Polish Parliament to Examine Poland’s Participation at Beijing Olympics
WARSAW—Many methods can be used to voice a country’s displeasure towards an Olympic host, especially if that host is a grievous human rights violator. A total boycott is not the only way, said Polish parliamentarian Karol Karski at a press conference on March 17. The Polish government, he argued, could choose not to go to Beijing 2008, while still allowing athletes to attend.
Karski has mobilized the opposition Law & Justice party’s parliamentary association to call for a joint sitting of the Foreign Affairs and Sports & Physical Culture committees of the Sejm (the Polish parliament) to examine this very question. The verbose title of the proposed hearing makes it plain: A discussion of the situation surrounding the organizing the of 2008 Olympics in the People’s Republic of China (PRC), a nation which violates human rights and the principles contained in the Olympic Charter.
The initiative would make Poland’s Sejm the first parliament in the world to make an official, public assessment of its country’s role at the Beijing Games. A date for the hearing is expected to be set in the next couple of days, officials say.
According to Karski, the participation of Polish government functionaries such as Ministers at the Olympics would construe “a kind of support for the PRC government’s activities” such as the ongoing violence perpetrated by the Chinese military on the people of Tibet.
Concurrently, a group of Polish parliamentarians that were in the political opposition to Poland’s communist leaders in the 1980’s have launched an appeal to the PRC.
“With respect to the Beijing Olympics, we declare that the PRC is a dictatorship, in which human rights are violated, in particular citizens’ rights, religious rights as well as the rights of ethnic minorities, violations as in the case of present-day Tibet,” highlighted the appeal, led by Assistant Speaker of the Sejm Stefan Niesiołowski.
The appellants, who include perennial Solidarity activists such as parliamentarian Andrzej Czuma, hope to mobilize people from all walks of life including Olympic athletes to “undertake all sorts of actions to aid in the release all political prisoners in the PRC, as well as [in developing] respect for human and citizens’ rights in that country.” They stop short of calling for an all-out boycott of the Games.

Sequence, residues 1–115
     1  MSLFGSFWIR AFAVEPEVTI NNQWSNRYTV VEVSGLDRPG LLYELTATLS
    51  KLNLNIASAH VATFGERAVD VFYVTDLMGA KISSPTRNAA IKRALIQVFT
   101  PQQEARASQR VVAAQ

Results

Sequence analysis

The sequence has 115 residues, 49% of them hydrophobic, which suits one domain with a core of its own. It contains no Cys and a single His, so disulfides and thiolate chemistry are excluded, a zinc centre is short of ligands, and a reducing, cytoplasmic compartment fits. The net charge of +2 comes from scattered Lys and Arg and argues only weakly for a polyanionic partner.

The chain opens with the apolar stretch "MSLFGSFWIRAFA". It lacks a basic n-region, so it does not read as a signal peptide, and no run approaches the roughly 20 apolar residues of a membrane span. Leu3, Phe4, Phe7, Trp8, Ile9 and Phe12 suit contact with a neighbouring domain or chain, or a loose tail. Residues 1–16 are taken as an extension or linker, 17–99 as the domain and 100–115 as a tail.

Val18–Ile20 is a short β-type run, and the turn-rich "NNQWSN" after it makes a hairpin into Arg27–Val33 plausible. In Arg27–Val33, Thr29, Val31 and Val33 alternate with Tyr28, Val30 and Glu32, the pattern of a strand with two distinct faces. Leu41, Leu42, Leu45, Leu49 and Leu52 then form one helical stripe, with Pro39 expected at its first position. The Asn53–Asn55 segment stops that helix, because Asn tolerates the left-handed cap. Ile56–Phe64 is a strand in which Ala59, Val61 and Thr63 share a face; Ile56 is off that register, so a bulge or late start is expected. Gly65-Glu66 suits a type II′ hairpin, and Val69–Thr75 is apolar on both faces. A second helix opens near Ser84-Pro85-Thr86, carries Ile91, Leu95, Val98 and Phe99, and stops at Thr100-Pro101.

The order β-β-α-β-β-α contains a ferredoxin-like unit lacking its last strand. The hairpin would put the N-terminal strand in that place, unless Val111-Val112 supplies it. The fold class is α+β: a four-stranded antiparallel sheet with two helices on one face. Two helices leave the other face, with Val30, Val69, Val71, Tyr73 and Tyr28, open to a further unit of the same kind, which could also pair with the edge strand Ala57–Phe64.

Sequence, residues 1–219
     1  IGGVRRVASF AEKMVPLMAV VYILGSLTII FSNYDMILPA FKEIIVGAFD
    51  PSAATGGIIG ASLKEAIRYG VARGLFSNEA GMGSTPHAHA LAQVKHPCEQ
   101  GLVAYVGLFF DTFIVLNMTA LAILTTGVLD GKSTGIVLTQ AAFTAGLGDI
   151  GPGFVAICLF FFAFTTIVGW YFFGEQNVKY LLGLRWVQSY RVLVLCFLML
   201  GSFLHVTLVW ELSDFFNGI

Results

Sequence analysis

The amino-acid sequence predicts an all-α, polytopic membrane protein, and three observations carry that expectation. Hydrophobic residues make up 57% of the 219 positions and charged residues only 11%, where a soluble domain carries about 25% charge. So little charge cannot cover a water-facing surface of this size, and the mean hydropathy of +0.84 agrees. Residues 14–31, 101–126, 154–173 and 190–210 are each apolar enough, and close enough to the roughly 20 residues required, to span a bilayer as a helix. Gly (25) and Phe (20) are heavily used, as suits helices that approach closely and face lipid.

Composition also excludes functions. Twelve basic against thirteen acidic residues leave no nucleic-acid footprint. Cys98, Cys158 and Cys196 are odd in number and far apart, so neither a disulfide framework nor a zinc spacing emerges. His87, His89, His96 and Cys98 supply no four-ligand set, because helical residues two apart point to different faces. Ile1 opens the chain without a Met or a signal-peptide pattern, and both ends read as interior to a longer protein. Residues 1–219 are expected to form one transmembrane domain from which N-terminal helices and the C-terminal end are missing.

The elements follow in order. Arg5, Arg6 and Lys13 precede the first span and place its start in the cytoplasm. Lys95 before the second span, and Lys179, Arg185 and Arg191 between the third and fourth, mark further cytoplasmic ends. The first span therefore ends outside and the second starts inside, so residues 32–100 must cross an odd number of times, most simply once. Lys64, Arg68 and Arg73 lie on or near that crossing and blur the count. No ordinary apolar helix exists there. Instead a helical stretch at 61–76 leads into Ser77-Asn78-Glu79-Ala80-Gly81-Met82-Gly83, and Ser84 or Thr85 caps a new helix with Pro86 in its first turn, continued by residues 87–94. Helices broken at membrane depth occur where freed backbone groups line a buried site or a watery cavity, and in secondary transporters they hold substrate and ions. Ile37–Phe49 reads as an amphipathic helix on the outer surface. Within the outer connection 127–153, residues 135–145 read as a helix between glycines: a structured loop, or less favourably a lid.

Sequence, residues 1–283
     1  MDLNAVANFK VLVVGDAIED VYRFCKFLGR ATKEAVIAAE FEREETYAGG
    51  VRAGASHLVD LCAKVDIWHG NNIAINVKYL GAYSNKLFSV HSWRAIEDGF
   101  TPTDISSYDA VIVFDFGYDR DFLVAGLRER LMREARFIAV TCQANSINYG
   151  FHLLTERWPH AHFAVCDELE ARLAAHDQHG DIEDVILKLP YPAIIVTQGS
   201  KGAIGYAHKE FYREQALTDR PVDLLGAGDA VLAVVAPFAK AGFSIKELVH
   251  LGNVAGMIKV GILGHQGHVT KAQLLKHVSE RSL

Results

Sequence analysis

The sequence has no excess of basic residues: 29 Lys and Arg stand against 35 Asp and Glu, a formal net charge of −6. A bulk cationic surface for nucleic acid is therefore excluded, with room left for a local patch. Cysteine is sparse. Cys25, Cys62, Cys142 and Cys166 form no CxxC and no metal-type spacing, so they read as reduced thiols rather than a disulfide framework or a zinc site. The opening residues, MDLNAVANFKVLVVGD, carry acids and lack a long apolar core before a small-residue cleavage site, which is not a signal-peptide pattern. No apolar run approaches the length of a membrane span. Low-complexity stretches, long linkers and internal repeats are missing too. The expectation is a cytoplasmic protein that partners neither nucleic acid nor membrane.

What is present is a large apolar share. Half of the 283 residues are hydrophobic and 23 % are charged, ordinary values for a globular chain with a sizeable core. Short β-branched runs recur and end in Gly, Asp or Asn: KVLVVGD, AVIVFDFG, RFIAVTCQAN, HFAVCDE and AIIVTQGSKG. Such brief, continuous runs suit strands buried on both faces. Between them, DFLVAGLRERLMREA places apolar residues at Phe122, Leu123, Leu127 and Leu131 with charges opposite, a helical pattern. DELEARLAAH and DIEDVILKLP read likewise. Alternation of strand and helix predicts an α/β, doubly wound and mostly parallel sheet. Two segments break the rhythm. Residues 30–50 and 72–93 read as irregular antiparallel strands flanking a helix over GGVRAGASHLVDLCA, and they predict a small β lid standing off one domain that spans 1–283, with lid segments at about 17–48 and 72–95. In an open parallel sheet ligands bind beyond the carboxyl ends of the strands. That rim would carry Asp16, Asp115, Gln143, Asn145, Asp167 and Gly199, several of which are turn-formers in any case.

The Polish Parliamentary Group on the Question of Tibet took a stronger stance. In a letter addressed to the PRC ambassador in Poland Chin Sun Rongmin, the Group states “it is not yet too late to consider an international boycott of the Beijing Olympics,” considering the current “wave of repression” in Tibet.
Calling Beijing to account for its human rights violations is not a new thing in the Sejm. Five months earlier at a parliamentary conference on human rights in China vis-a-vis the Beijing Olympics , a number of speakers and organizations spoke out. The Polish Transplant Sports Association (PTSA), the World Solidarity coalition, and The International Society for Human Rights (ISHR), one of the event co-organizers, all took strong positions against the holding of the 2008 Games in Beijing.
How to Shame an Olympic Host
Last Month, Holland’s Christian Union Party, part of the government coalition, called for a boycott of the opening ceremonies of the Beijing Olympic Games, citing Beijing’s gross human rights violations as the cause.
There have been boycotts or nations barred from participating in the Games for human rights violations consistently since 1956 including four years of boycotts and the barring of South Africa from 1964 until 1992 due to the racist policy of apartheid.
The most famous and widespread boycott was in 1980 when Moscow hosted the games after the Soviet invasion of Afghanistan. The U.S. implemented a full boycott, urging the world to do the same, to which there were a variety of responses.
Between 45 and 50 countries joined the boycott including many influential ones such as Canada and Japan. Some governments, such as Great Britain and Australia, officially supported the boycott but gave athletes the choice to go or not, many of whom stayed home. Other countries chose milder yet still symbolic methods, such as the Olympic ceremonies boycott suggested for the 2008 Games. Several nations competed under the Olympic flag rather than their own, as a means of voicing their disapproval.
Of the countries that chose a total boycott in 1980 for political reasons, one nation stands out: The People’s Republic of China itself.